Richard While you can argue that valuations are too high - your comments need one point of correction. Crowdfunding is currently only legal in the United States for Accredited Investors - every Tom, Dick and Harry are still excluded from the market by law. Data on the use of Title II (Accredited) Crowdfunding suggests that existing firms with revenues are the preponderance of firms using the currently legal crowdfunding provisions - startups are not flocking to crowdfunding. Your point is well made, and the flow of VC money is increasing substantially - but let's not confuse a potential VC funding bubble with a yet-to-be-legal new asset class. Richard Swart
Richard Pridham
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Richard Pridham Entrepreneur • Advisor
Investor, President & CEO at Retina Labs
Richard Swart: Thanks for clarifying. But isn't the bar to become an "accredited investor" relatively low? This is what they state on the site:

"An individual in the U.S.is said to be accredited if she has$200k or more in income for the past 2 years (or $300k with a spouse), with the expectation of similar earnings this year;or $1m in net assets (assets minus debts)."
Michael Brill
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Michael Brill Entrepreneur
Technology startup exec focused on AI-driven products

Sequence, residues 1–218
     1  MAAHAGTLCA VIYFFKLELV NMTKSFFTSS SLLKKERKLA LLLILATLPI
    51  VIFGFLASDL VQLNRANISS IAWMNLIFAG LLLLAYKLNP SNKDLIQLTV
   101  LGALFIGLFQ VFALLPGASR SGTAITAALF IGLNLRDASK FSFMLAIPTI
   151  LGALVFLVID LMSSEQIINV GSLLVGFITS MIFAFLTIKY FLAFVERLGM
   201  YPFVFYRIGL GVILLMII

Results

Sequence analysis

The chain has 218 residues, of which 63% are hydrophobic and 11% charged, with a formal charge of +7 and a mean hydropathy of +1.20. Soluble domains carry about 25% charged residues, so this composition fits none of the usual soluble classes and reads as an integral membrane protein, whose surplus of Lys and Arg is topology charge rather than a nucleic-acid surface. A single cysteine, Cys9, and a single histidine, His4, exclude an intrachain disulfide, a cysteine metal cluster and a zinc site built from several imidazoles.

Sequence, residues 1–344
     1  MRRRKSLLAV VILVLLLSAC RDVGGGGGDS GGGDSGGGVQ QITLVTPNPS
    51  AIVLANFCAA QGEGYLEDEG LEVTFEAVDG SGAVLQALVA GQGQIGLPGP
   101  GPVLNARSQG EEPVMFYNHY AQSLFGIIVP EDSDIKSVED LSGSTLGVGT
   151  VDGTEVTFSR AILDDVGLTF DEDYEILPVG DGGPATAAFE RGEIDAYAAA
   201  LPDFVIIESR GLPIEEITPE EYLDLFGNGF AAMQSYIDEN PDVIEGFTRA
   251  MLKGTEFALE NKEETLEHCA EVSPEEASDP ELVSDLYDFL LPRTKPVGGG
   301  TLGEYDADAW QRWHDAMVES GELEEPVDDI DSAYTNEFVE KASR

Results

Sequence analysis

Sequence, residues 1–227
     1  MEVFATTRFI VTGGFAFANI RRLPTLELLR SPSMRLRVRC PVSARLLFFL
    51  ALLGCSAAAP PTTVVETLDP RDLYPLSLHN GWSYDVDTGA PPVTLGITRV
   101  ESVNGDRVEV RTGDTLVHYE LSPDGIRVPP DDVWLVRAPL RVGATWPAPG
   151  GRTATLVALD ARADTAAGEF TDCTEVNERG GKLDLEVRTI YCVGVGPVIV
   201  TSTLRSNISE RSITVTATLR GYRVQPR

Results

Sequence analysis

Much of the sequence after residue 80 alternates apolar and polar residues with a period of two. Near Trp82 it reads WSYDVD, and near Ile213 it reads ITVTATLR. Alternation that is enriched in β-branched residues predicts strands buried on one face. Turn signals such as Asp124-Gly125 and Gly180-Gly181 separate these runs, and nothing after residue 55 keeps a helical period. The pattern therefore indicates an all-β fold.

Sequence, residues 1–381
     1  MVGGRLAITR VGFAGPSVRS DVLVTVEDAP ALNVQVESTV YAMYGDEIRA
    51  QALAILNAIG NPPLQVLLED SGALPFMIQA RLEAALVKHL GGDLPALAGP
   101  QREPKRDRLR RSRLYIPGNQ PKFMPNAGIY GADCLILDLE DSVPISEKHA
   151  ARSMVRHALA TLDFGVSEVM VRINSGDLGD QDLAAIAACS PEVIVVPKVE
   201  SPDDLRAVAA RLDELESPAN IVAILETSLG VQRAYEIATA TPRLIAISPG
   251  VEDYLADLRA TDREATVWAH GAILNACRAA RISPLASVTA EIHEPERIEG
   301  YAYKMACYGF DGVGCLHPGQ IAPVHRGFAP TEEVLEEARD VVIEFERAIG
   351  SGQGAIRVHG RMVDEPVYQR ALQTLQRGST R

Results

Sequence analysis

@RichardS, Although in a few weeks, Reg A+ will allow non-accredited Tom, Dick & Harry to invest up to 10% of their income or assets in these deals. Will be interesting to see what happens.

@RichardP, I don't think I understand your point about how a company that responsibly gives back the bulk of its investors' money presages a bursting bubble. The discussion on valuations and amount of cash that goes into startups is pretty well-worn by now. Some will turn out brilliantly; some will be embarrassing.

What will be the most interesting imho is how non-professional angel investors will react when the big pullback comes. Will they serve a buffering function or will they hightail it out of there when they realize there's no Series A money behind them? A couple years ago I would have said the latter for sure. A couple years from now with greater momentum in mainstream early-stage investing, I'm not so sure.

(BTW, $1m in assets excluding your house or HHI of $300K puts you in the 1%. Intuitively it seems that the top 1% should be considered sophisticated enough to take those risks. )

Eliahu Gal-or
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1
Eliahu Gal-or Entrepreneur
presso Lightwave International Wellness Research & Enterprises